By Jay Skurski | News Sports Reporter | @JaySkurski
There will be a youth movement of sorts at this year’s Porter Cup.
Of the 76 players scheduled as of the middle of this month to appear in this year’s 57th annual tournament, more than half the field, 39, are playing in their first Porter Cup. Another 18 will participate for just the second time.
That’s simply a sign of the times, according to tournament director Steve Denn.
“They’re turning pro earlier,” Denn said. “The ‘Jordan Spieth factor’ is what we as amateur golf tournament directors have to deal with. He spent one year at the University of Texas, and obviously he’s an extremely talented player, but I think the confidence level of all these players is such that ‘if Spieth can do it, I can do it.’ ”
That means spending four years in college – especially for the elite players – is becoming less of a certainty.
Denn pointed out another good example in Patrick Rodgers, the 2011 Porter Cup champion.
“He vowed that he was going to get his degree from the University of Stanford, and he lasted three years” before turning professional, Denn said. “The pull of the pro game is just too much. Justin Thomas is another guy. He was here for two Porter Cups, but guys staying four years, especially the elite players who have aspirations to play professionally, we’re seeing them go a little bit earlier.”
That has meant Denn finds himself looking more at the results of junior tournaments.
“When I see potential openings that we have in our field, all things considered, if we have a guy who’s a junior versus a guy who’s maybe an incoming freshman, we’re going to lean toward inviting the freshman because we like to have some continuity where we have players visit us for more than one year,” he said. That way players “really get to know their host family and spend some time with them.”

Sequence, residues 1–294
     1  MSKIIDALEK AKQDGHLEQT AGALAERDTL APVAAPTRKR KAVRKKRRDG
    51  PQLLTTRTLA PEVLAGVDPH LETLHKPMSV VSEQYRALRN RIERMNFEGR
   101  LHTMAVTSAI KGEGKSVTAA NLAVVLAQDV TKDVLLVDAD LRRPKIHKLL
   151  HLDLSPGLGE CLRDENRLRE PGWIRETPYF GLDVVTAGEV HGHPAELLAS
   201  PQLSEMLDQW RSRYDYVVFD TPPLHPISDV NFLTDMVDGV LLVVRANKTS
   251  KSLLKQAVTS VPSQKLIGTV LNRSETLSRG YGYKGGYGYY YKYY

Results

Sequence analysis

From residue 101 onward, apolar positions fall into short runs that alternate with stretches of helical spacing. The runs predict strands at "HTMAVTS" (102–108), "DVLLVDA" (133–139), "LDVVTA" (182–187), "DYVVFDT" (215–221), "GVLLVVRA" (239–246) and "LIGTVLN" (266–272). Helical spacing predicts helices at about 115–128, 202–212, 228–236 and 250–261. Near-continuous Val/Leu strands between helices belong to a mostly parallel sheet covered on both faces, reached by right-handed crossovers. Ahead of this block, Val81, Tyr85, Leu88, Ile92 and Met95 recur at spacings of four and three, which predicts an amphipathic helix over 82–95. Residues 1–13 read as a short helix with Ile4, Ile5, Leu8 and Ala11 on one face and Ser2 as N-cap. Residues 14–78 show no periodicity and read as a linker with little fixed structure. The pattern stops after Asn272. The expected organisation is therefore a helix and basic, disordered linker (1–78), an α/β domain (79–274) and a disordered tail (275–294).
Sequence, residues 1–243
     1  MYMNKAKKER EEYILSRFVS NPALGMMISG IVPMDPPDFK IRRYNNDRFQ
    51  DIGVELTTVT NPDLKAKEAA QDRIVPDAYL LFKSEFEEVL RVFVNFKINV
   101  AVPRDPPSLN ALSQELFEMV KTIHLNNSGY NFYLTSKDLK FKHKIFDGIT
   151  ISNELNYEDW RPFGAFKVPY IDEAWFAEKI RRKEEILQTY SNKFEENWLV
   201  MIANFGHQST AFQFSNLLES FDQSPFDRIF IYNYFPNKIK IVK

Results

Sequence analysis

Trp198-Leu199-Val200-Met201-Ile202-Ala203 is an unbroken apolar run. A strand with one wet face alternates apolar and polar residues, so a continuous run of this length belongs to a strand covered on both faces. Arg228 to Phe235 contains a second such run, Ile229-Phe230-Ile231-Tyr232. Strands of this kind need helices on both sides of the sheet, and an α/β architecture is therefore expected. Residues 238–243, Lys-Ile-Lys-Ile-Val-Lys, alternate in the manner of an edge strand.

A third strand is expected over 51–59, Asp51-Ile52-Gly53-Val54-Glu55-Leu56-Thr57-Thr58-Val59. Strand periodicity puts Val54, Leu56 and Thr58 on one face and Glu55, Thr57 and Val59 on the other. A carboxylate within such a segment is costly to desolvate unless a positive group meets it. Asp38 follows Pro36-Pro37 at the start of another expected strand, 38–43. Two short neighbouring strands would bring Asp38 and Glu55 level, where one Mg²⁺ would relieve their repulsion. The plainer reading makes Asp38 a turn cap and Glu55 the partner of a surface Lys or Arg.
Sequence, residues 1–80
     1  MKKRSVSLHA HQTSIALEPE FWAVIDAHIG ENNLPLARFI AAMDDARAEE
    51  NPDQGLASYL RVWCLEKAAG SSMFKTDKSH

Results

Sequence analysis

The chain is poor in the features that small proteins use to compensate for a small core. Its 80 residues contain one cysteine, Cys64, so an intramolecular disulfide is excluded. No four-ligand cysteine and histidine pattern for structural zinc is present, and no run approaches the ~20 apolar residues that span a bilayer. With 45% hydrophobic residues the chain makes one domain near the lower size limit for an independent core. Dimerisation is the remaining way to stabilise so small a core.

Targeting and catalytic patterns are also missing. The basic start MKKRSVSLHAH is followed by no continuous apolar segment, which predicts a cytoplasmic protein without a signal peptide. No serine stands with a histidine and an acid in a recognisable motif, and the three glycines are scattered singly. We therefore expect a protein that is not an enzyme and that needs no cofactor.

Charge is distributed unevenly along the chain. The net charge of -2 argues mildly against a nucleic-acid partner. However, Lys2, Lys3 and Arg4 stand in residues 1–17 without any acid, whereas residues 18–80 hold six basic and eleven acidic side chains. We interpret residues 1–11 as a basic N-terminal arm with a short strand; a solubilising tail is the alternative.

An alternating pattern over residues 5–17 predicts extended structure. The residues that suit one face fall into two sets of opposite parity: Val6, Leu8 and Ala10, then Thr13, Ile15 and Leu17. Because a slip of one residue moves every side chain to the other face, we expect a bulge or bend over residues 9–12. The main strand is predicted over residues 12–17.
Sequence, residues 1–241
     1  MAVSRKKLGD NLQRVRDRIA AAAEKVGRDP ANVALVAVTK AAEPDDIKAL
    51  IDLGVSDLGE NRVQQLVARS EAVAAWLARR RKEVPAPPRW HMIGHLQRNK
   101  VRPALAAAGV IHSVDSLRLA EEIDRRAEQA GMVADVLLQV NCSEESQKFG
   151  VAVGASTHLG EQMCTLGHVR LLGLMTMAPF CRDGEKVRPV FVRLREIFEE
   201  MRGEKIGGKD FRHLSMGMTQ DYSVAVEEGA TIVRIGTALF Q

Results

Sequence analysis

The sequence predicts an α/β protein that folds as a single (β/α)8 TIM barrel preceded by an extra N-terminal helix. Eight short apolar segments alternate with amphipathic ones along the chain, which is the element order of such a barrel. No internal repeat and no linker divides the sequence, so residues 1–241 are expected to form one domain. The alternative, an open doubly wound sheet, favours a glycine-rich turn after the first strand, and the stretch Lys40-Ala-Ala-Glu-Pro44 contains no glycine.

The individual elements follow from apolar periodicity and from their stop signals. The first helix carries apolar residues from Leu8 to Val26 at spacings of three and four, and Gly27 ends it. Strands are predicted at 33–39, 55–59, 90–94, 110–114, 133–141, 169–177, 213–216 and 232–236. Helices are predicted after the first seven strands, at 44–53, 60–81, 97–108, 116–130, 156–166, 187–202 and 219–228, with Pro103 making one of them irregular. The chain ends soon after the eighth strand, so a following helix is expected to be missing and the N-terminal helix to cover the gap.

That lure of professional paychecks has also made it more difficult to identify the top-level mid-amateur players, those 25 and older who have no aspirations, or at least have none yet, to turn pro. There are 14 such players in this year’s field.
“Mid-amateurs have kind of – I don’t want to say they’ve gone the way of dinosaur – but they’re becoming more and more difficult to identify,” Denn said. “We want to honor the traditions of amateurism. I don’t think you can do so any more than inviting the mid-amateurs, the ‘career’ amateurs.”
Among the mid-amateurs in this year’s field are well-known local players Jake Katz and Jamie Miller. Katz, 26, has regained his amateur status after attempting a professional career and has the best recent finish among locals, when he tied for 10th in 2010. Miller, 30, is the reigning New York State Golf Association men’s mid-amateur champion.
They will look to become the first local winner in 50 years, since Ward Wettlaufer in 1965.
Here is a list of 10 more contenders, in alphabetical order.
• Derek Bard: A 20-year-old from New Hartford, Bard is the 2015 Sunnehanna Amateur champion. A junior at the University of Virginia, Bard is 26th in the most recent Scratch Players World Amateur ranking.
“It’s nice to see some of these New York guys represent themselves and their schools well on the national stage,” Denn said.